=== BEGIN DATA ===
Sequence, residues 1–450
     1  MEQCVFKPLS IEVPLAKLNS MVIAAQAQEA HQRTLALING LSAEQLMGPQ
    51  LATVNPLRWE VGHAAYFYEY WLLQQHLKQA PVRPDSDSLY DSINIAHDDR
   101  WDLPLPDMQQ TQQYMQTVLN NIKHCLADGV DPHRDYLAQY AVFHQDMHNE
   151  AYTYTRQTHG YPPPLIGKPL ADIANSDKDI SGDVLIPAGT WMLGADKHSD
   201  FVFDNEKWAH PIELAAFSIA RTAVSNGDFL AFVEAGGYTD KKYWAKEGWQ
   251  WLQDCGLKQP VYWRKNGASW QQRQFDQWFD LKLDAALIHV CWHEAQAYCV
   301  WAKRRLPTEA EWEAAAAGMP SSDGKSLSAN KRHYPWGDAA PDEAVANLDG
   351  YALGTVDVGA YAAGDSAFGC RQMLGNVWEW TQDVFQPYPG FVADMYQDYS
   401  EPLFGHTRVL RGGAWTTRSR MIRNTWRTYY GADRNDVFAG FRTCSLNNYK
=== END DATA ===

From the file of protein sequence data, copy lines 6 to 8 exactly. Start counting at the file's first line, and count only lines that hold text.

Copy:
   201  FVFDNEKWAH PIELAAFSIA RTAVSNGDFL AFVEAGGYTD KKYWAKEGWQ
   251  WLQDCGLKQP VYWRKNGASW QQRQFDQWFD LKLDAALIHV CWHEAQAYCV
   301  WAKRRLPTEA EWEAAAAGMP SSDGKSLSAN KRHYPWGDAA PDEAVANLDG